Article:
troubled scene of Indian affairs, a danger inevitable even if the circumstances had been arranged between the Ministers and the Company with the greatest harmony and the greatest wisdom, all the principles of mischief were naturally multiplied, and each strengthened to the utmost, by the present stroke of ministerial politics. • The ground upon which this disputed and imprudent exercise of power appears to have been placed was the eleventh article of the treaty of Paris, concluded in 1763. With a view to maintain peace in India, and to close the disputes between the English and the French, who, according to their own professions, appeared to have nothing else in view but to determine who was the just and rightful Nabob of Carnatic, who the just and rightful Subahdar of Deccan, it was there decided and agreed that the two nations should acknowledge Mahomed Ali as the one, and Salabut Jung as the other. It occurred to the ingenuity of practical statesmen, that the King of Great Britain, having become party to an article of a treaty, had a right, without asking leave of the Company, to look after the execution of that article; and hence to send a deputy duly qualified for that purpose. If this conferred a right of bestowing upon Sir John Lindsay the powers of an ambassador; it also conferred the right of avoiding altercation with the East India Company, by taking the step without their knowledge.
The power of looking after the due execution of the eleventh article of the treaty of Paris was not a trifling power.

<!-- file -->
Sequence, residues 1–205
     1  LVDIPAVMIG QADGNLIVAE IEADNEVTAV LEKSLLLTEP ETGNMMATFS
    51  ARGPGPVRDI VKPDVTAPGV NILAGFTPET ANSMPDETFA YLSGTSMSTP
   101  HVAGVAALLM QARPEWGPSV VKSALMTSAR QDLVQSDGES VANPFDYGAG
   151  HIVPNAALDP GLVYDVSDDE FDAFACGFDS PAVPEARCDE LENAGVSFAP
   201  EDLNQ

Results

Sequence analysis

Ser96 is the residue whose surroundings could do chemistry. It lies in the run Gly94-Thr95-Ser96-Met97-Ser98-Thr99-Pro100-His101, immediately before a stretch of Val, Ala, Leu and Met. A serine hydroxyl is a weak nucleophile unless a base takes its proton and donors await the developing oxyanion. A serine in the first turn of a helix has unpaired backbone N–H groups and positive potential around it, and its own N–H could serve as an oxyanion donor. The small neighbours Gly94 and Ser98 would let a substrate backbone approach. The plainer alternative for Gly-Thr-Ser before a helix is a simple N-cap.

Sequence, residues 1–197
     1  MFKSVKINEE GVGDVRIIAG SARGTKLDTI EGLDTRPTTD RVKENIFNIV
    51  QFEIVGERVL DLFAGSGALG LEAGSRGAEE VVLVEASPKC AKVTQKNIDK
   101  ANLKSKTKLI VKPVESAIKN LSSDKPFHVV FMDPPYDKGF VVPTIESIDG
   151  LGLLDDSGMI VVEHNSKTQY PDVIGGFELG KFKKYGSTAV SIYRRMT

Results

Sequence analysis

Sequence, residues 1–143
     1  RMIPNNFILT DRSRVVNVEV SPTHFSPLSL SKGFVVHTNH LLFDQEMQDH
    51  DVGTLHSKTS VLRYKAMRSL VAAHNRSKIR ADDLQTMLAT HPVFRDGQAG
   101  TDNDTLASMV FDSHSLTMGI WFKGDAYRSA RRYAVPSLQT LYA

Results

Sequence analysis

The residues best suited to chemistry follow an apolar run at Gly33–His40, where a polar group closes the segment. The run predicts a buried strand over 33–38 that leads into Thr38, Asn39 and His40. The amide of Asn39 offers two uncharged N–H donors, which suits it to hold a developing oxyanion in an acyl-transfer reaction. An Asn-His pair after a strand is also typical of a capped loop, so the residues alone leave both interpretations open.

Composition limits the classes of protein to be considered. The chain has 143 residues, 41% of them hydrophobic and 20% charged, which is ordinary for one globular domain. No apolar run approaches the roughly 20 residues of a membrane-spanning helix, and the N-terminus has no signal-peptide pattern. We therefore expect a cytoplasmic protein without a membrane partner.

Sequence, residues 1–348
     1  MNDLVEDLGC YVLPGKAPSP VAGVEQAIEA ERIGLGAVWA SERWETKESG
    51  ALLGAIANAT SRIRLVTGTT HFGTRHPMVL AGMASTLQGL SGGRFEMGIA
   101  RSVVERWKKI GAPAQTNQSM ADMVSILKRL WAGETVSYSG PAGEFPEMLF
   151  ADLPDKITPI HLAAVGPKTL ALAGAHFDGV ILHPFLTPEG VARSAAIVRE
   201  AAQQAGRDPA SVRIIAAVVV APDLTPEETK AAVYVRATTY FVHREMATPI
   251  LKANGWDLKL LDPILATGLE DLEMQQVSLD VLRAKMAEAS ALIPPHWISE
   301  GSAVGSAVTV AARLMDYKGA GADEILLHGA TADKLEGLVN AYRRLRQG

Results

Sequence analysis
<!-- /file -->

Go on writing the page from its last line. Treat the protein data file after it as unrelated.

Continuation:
It included, in the first place, the power of taking a part in all the disputes between the Nabob and the Company's servants; as Mahomed Ali was in that article placed upon the footing of an ally of the King of Great Britain, and hence entitled to all that protection which is due to an ally. The servants of the Company had been at some pains to keep from the knowledge of the Nabob the full import of the new relation in which he was placed to the British throne; as calculated most imprudently to inflame that spirit of ambition and love of independence, with which it was so difficult already to deal, and with the gratification of which the existence in the Carnatic either of his power or that of the Company was altogether incompatible. The band of Englishmen and others, who surrounded the Nabob, for the purpose of preying upon him, wished of course to see all power in his hands, that they might prey the more abundantly. They filled every place with their outcries against every restraint which was placed upon him: and in particular had endeavoured, and with great success, to disseminate an opinion in England, that he was an oppressed and ill